Cannabis Cultivation Causes Catastrophe; Committee Calls For Compensation

Cannabis Cultivation Causes Catastrophe; Committee Calls For Compensation

Published May 25, 2020

Sam O'Donnell
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The Housing Complaints Committee believes that a landlord is entitled to compensation from a tenant for damage caused to an apartment in the process of cannabis cultivation, RÚV reports. The crop was discovered when a resident in the flat below reported a leak in their ceiling. According to the Board of Appeals, this resident contacted the landlord about the leak in October of last year.

The insurance company was called in to assess the damages to the pot-growing apartment, but the tenant said he lived in Spain and could not access the apartment. The insurance company did not want anyone to enter for 48 hours while they were conducting their investigation. However, urgent action was necessary because icicles were hanging down the windows. They called a locksmith and police to open the apartment, and discovered that it was heavily damaged.

The apartment was completely flooded. All the cabinets and windows were swollen with moisture, and the kitchen was covered with mold. Several tents full of marijuana plants were floating in the mess. The investigation revealed that the tenant’s son was responsible for the cannabis cultivation.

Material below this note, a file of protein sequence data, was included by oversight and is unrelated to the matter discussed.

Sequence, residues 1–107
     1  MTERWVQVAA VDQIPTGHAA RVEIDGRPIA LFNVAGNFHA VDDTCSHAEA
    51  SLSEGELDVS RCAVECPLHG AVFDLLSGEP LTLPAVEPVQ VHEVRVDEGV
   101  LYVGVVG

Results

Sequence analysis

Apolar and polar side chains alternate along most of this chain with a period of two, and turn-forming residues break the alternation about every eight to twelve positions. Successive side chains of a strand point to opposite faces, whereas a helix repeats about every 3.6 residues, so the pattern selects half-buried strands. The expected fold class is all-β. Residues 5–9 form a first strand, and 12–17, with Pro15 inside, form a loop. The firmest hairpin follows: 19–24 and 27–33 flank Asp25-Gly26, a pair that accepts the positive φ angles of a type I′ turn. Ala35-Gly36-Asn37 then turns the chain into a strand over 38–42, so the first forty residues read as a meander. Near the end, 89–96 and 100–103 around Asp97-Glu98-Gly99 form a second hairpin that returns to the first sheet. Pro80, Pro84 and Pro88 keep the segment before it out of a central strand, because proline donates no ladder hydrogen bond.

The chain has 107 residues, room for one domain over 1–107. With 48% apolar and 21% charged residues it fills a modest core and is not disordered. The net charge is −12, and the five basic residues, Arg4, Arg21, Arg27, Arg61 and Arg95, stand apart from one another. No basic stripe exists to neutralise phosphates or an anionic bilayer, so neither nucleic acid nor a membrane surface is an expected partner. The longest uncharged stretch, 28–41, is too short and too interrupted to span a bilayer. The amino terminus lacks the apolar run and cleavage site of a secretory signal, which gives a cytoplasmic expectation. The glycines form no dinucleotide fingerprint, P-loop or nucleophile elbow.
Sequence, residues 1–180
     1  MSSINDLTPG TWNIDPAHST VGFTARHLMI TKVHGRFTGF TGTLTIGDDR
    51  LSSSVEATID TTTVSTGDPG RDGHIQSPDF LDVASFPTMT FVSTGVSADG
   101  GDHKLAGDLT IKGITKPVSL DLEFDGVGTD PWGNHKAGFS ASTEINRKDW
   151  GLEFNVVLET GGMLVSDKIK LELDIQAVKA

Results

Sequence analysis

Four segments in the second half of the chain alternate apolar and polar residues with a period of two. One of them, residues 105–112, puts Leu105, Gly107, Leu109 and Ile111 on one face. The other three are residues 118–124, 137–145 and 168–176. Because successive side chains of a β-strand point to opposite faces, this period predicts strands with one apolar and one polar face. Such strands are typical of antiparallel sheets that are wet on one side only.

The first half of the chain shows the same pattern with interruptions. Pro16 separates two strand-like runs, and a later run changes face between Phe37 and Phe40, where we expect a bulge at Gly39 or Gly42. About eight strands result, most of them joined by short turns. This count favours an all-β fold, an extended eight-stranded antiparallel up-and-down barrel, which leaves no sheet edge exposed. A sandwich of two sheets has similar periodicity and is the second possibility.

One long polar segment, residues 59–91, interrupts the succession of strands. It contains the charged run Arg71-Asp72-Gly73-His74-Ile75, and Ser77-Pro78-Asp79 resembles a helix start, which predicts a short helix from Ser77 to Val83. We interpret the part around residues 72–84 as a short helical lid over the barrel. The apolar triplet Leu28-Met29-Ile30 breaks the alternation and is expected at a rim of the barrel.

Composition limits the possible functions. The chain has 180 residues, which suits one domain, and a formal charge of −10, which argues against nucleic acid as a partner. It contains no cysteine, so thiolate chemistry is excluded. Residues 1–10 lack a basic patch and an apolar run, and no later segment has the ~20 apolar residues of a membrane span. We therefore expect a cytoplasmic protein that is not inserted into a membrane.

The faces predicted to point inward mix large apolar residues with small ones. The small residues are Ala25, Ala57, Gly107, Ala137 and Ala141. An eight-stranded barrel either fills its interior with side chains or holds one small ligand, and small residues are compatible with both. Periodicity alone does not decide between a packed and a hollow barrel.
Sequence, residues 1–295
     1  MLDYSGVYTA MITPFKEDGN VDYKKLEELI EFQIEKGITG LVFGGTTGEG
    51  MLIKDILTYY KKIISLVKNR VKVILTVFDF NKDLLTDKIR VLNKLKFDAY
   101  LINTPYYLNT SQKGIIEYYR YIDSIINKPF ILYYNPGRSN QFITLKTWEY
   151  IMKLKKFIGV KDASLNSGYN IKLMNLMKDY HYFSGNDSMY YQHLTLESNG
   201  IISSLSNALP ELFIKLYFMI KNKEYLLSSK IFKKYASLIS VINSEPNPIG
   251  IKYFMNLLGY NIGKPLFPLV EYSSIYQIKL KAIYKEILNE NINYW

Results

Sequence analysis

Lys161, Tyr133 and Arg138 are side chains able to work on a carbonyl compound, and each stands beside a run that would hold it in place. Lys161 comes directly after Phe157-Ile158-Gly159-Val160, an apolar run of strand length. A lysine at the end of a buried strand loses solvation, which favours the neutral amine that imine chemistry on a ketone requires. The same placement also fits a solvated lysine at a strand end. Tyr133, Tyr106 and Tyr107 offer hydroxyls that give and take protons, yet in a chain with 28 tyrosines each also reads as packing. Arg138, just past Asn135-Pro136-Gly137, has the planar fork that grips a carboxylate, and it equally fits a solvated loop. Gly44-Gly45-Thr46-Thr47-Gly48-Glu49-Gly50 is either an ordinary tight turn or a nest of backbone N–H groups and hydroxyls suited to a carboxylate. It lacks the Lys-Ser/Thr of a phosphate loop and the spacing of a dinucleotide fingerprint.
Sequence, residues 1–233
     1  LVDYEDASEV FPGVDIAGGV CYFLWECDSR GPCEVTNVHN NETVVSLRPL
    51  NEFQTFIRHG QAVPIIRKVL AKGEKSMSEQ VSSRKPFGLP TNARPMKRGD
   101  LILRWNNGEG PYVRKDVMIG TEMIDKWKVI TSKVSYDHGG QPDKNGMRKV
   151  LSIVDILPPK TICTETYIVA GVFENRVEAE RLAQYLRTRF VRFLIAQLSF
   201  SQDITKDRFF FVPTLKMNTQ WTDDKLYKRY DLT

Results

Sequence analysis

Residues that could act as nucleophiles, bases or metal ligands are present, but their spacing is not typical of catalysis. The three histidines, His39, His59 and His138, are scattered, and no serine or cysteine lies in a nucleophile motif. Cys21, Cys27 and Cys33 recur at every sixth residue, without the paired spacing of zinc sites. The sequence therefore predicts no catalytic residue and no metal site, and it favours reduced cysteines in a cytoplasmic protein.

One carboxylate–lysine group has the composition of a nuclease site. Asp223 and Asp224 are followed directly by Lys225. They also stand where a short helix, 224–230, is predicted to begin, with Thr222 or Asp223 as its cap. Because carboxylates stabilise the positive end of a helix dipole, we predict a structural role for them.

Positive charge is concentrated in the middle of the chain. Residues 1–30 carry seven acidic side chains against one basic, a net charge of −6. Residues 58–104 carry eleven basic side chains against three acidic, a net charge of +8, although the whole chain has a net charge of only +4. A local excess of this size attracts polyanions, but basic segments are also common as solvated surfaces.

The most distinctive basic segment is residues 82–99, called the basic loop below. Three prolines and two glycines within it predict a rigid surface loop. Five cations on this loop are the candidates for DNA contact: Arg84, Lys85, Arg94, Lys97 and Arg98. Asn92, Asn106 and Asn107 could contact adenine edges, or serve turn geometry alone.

The tenant himself believes he should not be held responsible for the water damage, because his son had only been growing weed for three months, which is not enough time to cause the level of damage that the landlord is claiming. Rather, the damage is a result of years of neglect by the previous owner of the apartment.

However, the Board of Appeals believes that all evidence clearly indicates that there has been significant damage to the apartment due to the growth of cannabis. They threw out the current tenant’s claim that the previous owner’s negligence caused the damage, as there is no other evidence that adequately tracks with the extent of the damage to the apartment. The Board has not decided how much the landlord should be compensated, but the landlord is asking for just under 4 million ISK.

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